Allen: Steve's guests are comedienne Martha Raye, magician Mr. Ballantine, singer Danny Staton, and jazz musicians Eddie Condon, Woody Herman and Gerry Mulligan.
It's a special Sullivan show this week, an entire hour with the famed Russian dance troupe during last year's historic tour of the United States, the first cultural offering by the Soviet Union in an exchange program with the U.S. I like Russian dancing, and ordinarily I'd say that this would be good enough to carry the week. On the other hand, Steverino has a top-flight show of his own, and Condon, Herman and Mulligan - not just jazz musicians, but greats (with Allen probably joining in) - is very, very hard to beat. Too hard, I'm afraid; for the second week running, it's Heigh-Ho Steverino.
It isn't often that we have one television show that was the subject of a book, but such is the case this week, with Sunday afternoon's Omnibus broadcast of "Abraham Lincoln: The Early Years." (4:00 p.m., NBC) The story of this program actually goes back to 1952, the inaugural season of Omnibus, and a series of five films entitled "Mr. Lincoln," written by the Pulitzer Prize-winning author James Agee and directed by the renowned Norman Lloyd. The series was a huge success; one critic called it "the most beautiful writing ever done for television," and another classifies it as "among the finest - perhaps the finest - film about Abraham Lincoln ever made."But as William Hughes' book James Agee, Omnibus, and Mr. Lincoln: The Culture of Liberalism and the Challenge of Television 1952-1953 details, Agee's presentation of Lincoln and the Civil War is not simply a presentation of history; rather, it is an interpretation that was heavily influenced by the times, in particular the Cold War, not to mention Agee's strong personal identification with Lincoln.
*As Hughes points out, "Given the writer's powerful identification with his hero, and the conflict between love and vocation in his own life, Agee's reworking of the Ann Rutledge story was a projection that owed as much to his personal story as to Lincoln's."
On the other hand, writes Hughes, the culture of Cold War liberals, prevalent particularly in the TV-Radio Workshop of the Ford Foundation, the underwriter of Omnibus, "were wary of the masses, with their immaturity, their volatility, and their potential susceptibility to totalitarianism," and Agee himself was scornful of what he called "common-man sentimentalists." How to reconcile this attitude with Lincoln's seeming self-sacrifice in order to serve those very people, whom Lincoln calls his "one great concern" and "his surest support"? It can be done only by looking at the environment in existence during the Cold War, and the vision of the heroic leader, the single-combat warrior. It is, after all, a distinctly American tendency, to elevate a single individual to the heights of national savior, the "Leader of the Free World," whether it be Franklin D. Roosevelt, Dwight D. Eisenhower, or John F. Kennedy.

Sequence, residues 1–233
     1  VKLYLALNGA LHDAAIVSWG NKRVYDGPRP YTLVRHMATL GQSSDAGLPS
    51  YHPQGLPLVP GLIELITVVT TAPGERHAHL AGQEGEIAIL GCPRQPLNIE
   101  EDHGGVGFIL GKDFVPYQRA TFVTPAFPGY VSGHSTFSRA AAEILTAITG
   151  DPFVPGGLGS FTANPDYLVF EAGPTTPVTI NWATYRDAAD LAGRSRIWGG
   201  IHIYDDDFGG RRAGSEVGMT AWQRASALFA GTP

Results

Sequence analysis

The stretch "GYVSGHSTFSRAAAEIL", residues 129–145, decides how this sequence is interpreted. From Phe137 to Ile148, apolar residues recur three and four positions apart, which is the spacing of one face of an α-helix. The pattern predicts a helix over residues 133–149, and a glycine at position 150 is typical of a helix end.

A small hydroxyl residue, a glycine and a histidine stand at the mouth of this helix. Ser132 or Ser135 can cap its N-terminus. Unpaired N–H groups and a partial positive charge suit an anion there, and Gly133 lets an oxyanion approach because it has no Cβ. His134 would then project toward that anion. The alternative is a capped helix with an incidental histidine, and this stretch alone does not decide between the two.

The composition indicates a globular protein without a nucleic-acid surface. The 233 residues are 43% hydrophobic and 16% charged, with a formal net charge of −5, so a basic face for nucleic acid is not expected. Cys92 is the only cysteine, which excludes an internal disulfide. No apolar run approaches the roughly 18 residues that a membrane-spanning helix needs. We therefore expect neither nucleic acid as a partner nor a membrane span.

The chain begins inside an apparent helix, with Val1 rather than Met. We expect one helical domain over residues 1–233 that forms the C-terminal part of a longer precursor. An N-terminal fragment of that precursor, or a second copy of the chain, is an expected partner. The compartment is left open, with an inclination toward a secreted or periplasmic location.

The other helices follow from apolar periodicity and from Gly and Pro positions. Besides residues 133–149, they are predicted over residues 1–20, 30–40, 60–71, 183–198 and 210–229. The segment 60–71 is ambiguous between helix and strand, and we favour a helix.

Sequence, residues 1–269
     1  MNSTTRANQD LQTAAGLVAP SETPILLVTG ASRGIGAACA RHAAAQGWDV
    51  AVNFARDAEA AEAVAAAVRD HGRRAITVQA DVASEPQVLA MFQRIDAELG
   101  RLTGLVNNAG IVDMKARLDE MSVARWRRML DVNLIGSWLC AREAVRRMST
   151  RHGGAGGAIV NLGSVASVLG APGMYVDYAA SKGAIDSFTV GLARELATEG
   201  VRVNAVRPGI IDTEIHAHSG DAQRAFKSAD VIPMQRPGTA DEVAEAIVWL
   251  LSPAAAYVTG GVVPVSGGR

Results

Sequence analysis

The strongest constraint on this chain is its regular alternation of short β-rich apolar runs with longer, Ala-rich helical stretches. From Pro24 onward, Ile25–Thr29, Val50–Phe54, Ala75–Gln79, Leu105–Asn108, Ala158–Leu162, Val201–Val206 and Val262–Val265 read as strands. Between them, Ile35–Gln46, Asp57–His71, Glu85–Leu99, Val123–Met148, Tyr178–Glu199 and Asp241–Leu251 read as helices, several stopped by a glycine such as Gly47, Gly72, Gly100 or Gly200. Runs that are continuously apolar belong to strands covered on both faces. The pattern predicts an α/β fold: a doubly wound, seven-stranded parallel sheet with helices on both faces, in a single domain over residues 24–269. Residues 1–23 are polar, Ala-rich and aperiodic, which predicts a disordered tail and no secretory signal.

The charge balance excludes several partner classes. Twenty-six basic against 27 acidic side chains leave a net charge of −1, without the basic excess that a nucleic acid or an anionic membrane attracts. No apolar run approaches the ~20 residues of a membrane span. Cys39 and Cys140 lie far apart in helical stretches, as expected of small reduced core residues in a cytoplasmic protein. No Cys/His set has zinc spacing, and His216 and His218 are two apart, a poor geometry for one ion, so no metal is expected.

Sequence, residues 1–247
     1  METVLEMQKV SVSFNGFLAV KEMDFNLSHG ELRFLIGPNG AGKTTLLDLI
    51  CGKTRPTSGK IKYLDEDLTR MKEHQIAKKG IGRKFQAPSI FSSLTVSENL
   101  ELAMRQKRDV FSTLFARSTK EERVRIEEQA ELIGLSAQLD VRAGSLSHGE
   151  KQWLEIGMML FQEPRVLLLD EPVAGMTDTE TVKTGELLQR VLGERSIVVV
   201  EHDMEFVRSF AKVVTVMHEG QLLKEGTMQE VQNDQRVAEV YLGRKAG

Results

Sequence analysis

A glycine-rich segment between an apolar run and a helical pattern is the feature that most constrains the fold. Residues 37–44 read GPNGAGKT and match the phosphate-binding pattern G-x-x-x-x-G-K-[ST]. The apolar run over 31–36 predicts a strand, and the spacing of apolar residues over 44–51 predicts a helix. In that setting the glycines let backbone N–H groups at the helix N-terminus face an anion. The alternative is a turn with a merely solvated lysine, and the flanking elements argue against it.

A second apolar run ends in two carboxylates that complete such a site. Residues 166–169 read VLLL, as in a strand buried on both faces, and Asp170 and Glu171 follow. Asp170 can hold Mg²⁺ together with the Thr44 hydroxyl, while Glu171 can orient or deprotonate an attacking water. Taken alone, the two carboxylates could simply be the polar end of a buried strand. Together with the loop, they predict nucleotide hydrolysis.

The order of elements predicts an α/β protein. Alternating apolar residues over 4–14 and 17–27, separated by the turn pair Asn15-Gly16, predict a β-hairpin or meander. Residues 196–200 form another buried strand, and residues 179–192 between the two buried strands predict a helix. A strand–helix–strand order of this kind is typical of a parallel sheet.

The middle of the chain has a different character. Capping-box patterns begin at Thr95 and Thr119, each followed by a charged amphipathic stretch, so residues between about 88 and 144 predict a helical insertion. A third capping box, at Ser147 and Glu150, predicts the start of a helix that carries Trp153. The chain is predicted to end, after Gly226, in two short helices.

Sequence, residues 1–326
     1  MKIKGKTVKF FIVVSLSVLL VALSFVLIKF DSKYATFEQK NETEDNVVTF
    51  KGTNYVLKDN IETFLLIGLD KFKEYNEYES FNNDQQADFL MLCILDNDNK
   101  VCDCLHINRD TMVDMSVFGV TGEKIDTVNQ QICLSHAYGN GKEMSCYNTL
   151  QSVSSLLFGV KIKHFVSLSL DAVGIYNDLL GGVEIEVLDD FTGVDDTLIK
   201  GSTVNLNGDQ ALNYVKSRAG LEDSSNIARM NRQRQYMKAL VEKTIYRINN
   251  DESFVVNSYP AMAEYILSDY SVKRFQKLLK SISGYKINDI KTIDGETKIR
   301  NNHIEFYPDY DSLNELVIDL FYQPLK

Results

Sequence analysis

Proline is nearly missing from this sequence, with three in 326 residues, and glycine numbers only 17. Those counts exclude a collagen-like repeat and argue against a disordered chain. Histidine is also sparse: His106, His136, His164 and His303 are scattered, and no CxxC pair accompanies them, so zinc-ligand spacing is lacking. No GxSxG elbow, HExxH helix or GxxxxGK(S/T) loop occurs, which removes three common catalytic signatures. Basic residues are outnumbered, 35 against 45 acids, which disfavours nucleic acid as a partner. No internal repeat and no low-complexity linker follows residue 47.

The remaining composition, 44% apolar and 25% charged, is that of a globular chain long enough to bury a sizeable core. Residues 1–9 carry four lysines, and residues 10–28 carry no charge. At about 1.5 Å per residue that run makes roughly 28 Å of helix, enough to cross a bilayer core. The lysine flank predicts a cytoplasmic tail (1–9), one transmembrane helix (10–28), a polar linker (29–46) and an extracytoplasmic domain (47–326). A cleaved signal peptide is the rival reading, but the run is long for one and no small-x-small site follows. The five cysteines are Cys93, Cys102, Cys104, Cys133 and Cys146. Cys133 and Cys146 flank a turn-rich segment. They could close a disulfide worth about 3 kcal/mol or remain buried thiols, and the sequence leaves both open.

Lincoln, therefore, serves as a surrogate for this necessary Cold War leader, and in seeing his growth from small town lawyer in New Salem to something more, Lincoln's words - or, rather, Agee's, since we don't really know how accurate they are - suggest the need for the public to understand the role they must play, that "the common people are capable of collective wisdom, but only when they recognize, nurture, and stand by those uncommonly gifted individuals who emerge in their midst." Perhaps we aren't meant to be moved by Lincoln's words about those who supported him during his formative years, but instead we congratulate those people for realizing Lincoln's nascent greatness and doing what is necessary to nurture it for future greatness. Whew.
What we see this Sunday is a segment of "Mr. Lincoln" entitled "The Early Years," with Royal Dano (St. Peter in King of Kings) as Lincoln and the young Joanne Woodward as Ann Rutledge, narrated by Martin Gabel, which presumably deals heavily with this relationship. Agee's portrayal was controversial even at the time, (host Alistair Cooke read one letter from a viewer that chastised Agee for treating the relationship "as gospel rather than gossip."* In a 1953 episode of Omnibus, Cooke broaches the subject in a debate between Agee (who died in 1955) and Civil War historian Allen Nevins, who said of Agee's characterization of the Lincoln-Rutledge relationship, "Our count against him is simply this: That he has tampered with the truth."